Cloud-based electronic health record systems are the highest ranked EHRs in terms of physician satisfaction among small and solo practices, according to Black Book Rankings.
The firm reports that the top 20 ranked vendors for 2015 were all cloud EHRs and all of them scored more than 90 percent in overall client satisfaction across 18 key performance indicators. Further, 83 percent of the more than 5,700 small and solo medical practices surveyed by Black Book indicated that the single biggest physician technology trend is cloud-based EHRs.
Thanks to improvements in web-based EHRs including implementations, updates, usability and customization, the survey reveals a reversal in overall EHR satisfaction in small practices from barely 13 percent meeting or exceeding expectations in 2012 to 81 percent in the second quarter of 2015.
While 69 percent of small practice physicians agree that first generation EHRs have not lived up to expectations, 51 percent of solo physicians currently using cloud-based EHRs reported improved productivity results from their current cloud-based system as compared to both cloud- and server-based EHRs they implemented previously.
In addition, the adoption rate of cloud-based EHRs in small practices in urban settings has also increased from 60 percent in 2013 to 82 percent currently. However, Black Book notes that the adoption rate by rural practices remains about the same as it was in 2013around 20 percentas most rural physicians say the fear of Internet outages prevents them from changing to cloud-based EHRs.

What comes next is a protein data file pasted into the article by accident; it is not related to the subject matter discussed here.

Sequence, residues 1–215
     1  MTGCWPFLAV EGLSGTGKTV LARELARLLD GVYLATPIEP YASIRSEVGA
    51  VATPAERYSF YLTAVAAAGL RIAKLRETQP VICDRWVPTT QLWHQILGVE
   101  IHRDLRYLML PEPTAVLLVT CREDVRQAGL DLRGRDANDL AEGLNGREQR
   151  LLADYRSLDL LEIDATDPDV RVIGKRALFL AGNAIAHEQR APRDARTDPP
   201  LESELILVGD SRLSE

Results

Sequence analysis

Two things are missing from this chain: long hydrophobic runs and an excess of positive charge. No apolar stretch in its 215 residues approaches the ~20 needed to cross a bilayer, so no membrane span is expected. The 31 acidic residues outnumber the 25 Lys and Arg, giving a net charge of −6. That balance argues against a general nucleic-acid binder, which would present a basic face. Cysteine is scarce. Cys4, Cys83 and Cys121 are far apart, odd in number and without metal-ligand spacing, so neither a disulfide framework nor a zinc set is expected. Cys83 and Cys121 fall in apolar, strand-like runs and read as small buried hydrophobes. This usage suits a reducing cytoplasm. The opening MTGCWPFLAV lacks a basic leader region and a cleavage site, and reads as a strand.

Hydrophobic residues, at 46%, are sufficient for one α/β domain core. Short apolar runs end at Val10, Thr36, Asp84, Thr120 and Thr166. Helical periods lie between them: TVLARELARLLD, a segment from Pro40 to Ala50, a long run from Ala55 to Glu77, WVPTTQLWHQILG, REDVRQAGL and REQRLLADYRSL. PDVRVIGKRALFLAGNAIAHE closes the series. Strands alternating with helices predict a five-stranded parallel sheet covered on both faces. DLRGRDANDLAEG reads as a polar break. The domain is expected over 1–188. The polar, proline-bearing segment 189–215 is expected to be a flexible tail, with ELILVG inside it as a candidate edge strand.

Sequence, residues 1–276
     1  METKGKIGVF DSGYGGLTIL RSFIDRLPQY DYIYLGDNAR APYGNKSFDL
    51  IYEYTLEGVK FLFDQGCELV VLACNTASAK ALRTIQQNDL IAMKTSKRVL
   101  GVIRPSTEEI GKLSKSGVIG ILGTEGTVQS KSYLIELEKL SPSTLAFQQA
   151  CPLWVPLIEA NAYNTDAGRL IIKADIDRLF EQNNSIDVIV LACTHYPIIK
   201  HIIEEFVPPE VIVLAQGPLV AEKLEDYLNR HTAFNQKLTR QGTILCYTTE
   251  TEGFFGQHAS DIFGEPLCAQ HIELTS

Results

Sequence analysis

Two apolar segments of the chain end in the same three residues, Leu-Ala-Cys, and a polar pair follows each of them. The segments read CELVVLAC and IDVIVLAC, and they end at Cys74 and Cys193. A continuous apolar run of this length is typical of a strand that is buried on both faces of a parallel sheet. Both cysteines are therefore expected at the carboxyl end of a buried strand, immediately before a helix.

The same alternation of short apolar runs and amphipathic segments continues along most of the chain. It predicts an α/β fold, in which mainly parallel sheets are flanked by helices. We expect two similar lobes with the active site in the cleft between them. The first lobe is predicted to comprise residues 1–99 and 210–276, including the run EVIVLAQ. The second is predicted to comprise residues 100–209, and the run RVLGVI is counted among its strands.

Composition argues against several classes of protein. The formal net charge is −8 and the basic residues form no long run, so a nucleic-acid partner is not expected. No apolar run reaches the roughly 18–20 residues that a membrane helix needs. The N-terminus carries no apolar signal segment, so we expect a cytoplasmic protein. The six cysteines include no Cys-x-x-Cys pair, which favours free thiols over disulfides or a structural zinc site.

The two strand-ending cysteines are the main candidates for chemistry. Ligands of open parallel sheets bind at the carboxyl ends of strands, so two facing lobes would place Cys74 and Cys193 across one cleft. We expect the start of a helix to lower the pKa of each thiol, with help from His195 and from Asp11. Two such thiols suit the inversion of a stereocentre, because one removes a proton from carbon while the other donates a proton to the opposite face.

Although 38 percent of solo/small practice physicians have moderate to serious concerns about the security and privacy of cloud-based EHR systems, 90 percent recognize that the cloud EHR platform and infrastructure models have matured into being a top safeguard to protect health information.
At the same time, 81 percent of physicians using server-based EHR software claim they are concerned that their system, device, server or files may be stolen or breached. Ninety-two percent of small practice EHR users that switched to a cloud based EHR from a server in the last six months feel their chances of a major patient record data breach are lowered, but 52 percent still reported fears of system downtime have increased since the switchover.
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